WASHINGTON — A major economic relief bill that extends benefits to the jobless and expands a first-time home buyer tax credit took a step forward Monday in the Senate.
The Senate took a procedural vote that effectively blocked Republicans from trying to terminate at year's end the financial rescue plan known as the Troubled Asset Relief Program, or TARP.
Treasury Secretary Timothy Geithner can extend the $700 billion program beyond the end of the year, but Republicans say that authority should be taken away, arguing that Democrats are using unspent TARP money as a slush fund to pay for programs unrelated to financial stabilization.
A final vote is likely later this week.
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The legislation, expected to win quick passage in the House once the Senate acts, contains a trio of measures backed by the administration to prevent the fragile economic recovery from backsliding and help tide people over until companies start hiring again.
* It provides up to 14 additional weeks of unemployment insurance benefits to out-of-work people whose benefits are running out. The jobless in 27 states where the unemployment rate is at 8.5 percent or above will get six weeks on top of that.
* The $8,000 first-time home buyer tax credit, part of the $787 billion stimulus package enacted last February and set to expire at the end of this month, would be extended through June, as long as buyers sign a purchase agreement by the end of April.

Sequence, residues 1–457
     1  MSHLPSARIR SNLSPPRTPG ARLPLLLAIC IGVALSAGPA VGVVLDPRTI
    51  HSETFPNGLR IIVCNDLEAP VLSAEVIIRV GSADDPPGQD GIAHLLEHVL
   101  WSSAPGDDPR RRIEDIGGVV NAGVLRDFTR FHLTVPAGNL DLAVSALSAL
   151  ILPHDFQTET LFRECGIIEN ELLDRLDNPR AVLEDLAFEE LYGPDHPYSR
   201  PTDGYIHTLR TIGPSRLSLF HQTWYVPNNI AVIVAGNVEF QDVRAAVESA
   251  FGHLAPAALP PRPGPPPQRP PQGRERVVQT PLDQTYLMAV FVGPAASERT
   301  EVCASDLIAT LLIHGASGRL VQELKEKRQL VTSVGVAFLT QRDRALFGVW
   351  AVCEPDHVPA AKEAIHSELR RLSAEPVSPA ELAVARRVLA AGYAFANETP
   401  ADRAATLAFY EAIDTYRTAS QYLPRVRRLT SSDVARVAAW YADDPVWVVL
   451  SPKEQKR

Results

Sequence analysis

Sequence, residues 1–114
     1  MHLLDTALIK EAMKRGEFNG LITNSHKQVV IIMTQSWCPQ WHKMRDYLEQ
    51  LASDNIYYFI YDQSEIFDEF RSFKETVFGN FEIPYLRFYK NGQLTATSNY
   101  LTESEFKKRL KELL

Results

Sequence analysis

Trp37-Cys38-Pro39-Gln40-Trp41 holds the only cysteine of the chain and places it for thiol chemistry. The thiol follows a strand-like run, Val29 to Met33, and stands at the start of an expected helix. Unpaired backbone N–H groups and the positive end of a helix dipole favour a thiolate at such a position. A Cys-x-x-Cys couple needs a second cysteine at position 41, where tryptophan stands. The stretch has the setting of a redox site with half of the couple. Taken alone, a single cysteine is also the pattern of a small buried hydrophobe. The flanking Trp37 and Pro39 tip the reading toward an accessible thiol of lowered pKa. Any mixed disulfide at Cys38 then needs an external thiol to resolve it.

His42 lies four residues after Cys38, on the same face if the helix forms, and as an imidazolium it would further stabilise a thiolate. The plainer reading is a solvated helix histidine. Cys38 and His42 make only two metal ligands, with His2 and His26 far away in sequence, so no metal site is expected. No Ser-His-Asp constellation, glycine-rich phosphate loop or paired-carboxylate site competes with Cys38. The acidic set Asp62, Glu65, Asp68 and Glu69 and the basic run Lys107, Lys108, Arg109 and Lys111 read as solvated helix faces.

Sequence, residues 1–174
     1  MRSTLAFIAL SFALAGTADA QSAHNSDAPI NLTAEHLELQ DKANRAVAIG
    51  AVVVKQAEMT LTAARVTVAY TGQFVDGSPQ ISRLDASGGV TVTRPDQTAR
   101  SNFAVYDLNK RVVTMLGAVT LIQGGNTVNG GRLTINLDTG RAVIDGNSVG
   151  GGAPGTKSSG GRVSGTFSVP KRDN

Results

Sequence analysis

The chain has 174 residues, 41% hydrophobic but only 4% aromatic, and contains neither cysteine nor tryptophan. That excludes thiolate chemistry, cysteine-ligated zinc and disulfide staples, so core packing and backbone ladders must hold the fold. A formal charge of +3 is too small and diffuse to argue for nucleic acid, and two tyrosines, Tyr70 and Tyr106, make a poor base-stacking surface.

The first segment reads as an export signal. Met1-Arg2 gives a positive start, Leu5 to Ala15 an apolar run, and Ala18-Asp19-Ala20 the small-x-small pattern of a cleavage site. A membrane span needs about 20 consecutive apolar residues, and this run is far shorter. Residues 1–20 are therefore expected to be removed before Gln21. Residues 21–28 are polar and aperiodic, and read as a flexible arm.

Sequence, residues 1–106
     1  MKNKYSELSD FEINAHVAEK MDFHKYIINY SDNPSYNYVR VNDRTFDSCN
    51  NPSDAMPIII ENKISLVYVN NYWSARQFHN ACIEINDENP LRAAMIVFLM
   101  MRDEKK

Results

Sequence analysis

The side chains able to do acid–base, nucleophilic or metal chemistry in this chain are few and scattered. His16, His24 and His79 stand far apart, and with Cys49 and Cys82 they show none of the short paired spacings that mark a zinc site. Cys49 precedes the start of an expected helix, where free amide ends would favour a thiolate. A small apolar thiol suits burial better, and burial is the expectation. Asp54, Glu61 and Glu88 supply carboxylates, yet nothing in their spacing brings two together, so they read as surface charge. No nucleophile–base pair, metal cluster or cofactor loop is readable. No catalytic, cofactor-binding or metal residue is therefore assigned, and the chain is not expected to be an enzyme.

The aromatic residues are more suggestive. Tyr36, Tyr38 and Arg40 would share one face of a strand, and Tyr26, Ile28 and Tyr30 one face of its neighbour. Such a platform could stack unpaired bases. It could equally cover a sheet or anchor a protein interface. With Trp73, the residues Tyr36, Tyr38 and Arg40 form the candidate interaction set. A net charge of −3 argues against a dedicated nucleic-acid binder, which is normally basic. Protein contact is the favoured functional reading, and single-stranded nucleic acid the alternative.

The proposal also makes available a $6,500 credit to home buyers who have been in their current residence for the past five years or more. There are also measures to help the IRS catch people trying to defraud the government.
* It would aid companies hit by the recession by expanding a law to allow money-losing companies to use losses incurred in 2008 or 2009 to get refunds of taxes paid in the previous five years.
The cost of the additional unemployment benefits, estimated at $2.4 billion, would be paid for by extending the federal unemployment tax that companies pay for each employee through June 2011.
Democrats would pay for the costs of the home buyer credit and net operating loss credit, each topping $10 billion over 10 years, by delaying enactment of a law giving international companies more leeway in how they allocate interest expenses between U.S. and foreign sources in determining tax liabilities.